Sadly, it is already too late, my dear reader, to see this expo as today is the last day at the Musée de l’Art Moderne de la Ville de Paris. I was lucky enough to have my friend comein.com invite me to see this huge retrospective on Crumb as a birthday present. It was a massively huge exposition. There were over 700 drawings and plates shown as well as the entire Illustrated Genesis. As the title indicated, this expo covers all of Crumbs career from his first sketches to the myriad of underground through his later work. I have been a Crumb fan for quite a long time. Like many others, my fascination (and perhaps awareness altogether) with him started with the 1994 movie Crumb by Terry Zwigoff. This movie was actually shown in its entirety at the end of the expo (sort of impractical as it is a full 2h long) and we were literally kicked out of the museum at closing because we couldn’t pull ourselves away from the projection. Honestly, I have mixed feelings about Crumb’s material. When I say that, I don’t want my readers to think that I would have wilfully suppressed any of his creative expression. I just have a hard time with the repetitive themes after a while – and cannot fathom the depths of his incestuous/pedophile fantasies. After about 2 or 3 hundred strips that I read, I felt that I was pretty much Crumb-saturated from a comix point of view because the 10-20 archetypal men, women, and beasts get repetitive after a while. There are however moments of insight and pathos that I didn’t want to miss.
One of my favourites shows Mr Natural meditating as the whole world builds up and gets destroyed all around him. This seems to be quite a metaphor for Crumb himself. He is always there to express for us the suppressed fantasies and thoughts we flee from and the world just continues to go on around him. He is a passive artist in that sense, always in the background, the underground. This is apparent also in the movie where he describes one of his basest and most controversial comics that he had thrown away as just too much but that his wife Aline had insisted that he complete and publish. “You have to get this out”, if I can paraphrase. Better him than me in any case, but if some of the most base material is filtered out, there remains an enormous mountain of interesting work. In fact there was another similar drawing of a banal street corner with the neighbourhood around it going into the future and being eliminated by war or decay and us being left again with the banal landscape of telephone poles and slack overhead electric lines.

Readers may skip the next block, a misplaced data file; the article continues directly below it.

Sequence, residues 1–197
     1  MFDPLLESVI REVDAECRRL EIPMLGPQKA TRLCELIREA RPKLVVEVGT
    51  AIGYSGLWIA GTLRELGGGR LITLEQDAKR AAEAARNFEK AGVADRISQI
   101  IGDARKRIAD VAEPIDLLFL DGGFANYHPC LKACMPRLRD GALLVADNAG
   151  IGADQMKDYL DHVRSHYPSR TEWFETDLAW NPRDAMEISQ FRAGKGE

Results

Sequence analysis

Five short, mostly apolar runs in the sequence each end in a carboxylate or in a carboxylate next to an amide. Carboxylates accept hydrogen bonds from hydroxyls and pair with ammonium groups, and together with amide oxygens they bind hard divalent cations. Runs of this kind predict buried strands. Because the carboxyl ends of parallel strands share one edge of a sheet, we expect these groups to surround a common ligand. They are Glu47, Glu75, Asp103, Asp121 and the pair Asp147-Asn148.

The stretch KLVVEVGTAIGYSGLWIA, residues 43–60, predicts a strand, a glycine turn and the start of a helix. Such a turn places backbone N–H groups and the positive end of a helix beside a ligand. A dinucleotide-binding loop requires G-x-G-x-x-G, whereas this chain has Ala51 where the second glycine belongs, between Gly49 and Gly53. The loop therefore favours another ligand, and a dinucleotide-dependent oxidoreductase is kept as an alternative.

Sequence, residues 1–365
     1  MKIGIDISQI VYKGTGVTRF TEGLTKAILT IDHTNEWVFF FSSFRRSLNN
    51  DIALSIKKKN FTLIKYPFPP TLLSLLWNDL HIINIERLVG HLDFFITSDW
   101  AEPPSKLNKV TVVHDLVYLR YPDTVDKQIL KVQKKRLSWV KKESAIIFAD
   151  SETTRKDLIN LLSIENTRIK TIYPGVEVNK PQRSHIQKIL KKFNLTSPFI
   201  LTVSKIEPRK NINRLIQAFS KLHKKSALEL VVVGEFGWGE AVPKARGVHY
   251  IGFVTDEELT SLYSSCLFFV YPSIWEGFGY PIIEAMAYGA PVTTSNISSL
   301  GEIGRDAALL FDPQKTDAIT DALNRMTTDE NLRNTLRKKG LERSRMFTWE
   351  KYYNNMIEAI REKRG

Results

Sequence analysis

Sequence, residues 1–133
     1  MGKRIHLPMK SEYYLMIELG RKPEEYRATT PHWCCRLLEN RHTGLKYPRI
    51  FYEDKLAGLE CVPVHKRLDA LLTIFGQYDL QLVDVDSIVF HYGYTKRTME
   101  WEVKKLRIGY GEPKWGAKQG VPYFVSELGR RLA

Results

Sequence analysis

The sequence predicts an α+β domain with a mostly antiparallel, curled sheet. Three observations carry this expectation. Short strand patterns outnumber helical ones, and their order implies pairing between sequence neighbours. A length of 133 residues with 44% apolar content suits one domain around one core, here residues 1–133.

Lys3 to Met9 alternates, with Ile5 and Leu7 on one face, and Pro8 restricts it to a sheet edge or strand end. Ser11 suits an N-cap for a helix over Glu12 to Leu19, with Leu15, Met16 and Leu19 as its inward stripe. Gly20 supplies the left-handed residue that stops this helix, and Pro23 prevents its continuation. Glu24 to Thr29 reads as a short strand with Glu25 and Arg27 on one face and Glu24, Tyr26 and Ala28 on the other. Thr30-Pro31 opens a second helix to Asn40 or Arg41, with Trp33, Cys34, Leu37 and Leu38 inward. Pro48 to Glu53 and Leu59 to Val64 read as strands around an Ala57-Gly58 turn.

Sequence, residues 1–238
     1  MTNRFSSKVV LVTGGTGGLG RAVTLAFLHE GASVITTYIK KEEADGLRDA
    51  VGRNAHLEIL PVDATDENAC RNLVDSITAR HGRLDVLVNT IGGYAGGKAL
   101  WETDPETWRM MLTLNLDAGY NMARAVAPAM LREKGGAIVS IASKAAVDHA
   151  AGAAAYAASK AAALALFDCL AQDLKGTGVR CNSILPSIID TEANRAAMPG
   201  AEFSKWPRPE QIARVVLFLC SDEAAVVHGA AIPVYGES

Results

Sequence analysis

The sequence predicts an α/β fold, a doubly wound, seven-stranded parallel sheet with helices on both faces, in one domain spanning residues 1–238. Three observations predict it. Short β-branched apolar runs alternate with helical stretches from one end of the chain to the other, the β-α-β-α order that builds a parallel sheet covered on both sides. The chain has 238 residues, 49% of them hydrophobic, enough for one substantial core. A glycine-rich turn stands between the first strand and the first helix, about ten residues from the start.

I saw Crumb’s band, les Primitifs du Futur back in about 1999 here in Paris, but he was unfortunately not there that particularly night. His fascination for blues and old 78 rpm recordings is one of the points where my fascination with him really peaks. In 2006, he and Zwigoff published a book with a CD about some of the seminal early works called Heroes of Blues, Jazz, and Country with all of the recordings coming from 1910-1930. It is wonderfully commented and illustrated and highly recommendable – particularly great gift material (thanks again comein.com 🙂 The exposition dedicated a room too Crumb’s musical musings and exploration.
The highlight of the exposition was certainly the full reproduction of his Illustrated Genesis which filled an entire room. Comein.com gave me the book for my birthday about three years ago and I had not taken the time to read it up until seeing it here in this exposition. It is an incredible interpretation of this first book of the Bible. Apparently, he studied loads of images and texts trying to find the requisite 100s of different faces for this book that changes characters so often. Particularly amazing was how he managed to make even the long, and normally tedious “begats” lists interesting. I few things that stuck out for me: I had completely glossed over the fact that in about Chapter 6 – just before the story of Noah – that there are divine creatures, the Nephalim, walking the earth and frolicking with humans. I don’t recall that from Sunday School. I had also forgotten that Jacob lied his ass off in screwing his brother Esau out of his birthright, and yet God looked down approvingly at the deception. The whole Ham, Shem, and Japeth story was also quite confusing because we never quite understand Abraham’s outcry against Canaan. All this to say that I was pulled in to the story completely mostly thanks to the quality and originality of Crumb’s illustrations. I would highly recommend this but would caution against using it as educational material for younger kids because, as you realize especially reading Crumb’s version, there is loads of sex and violence here.
Overall, the expo certainly got my brain thinking and responding to lots of different ideas. He is a complex character driven but definitely an acquired taste. I thank comein.com for this wonderful gift and promise to read the copy of Genesis she gave me now 🙂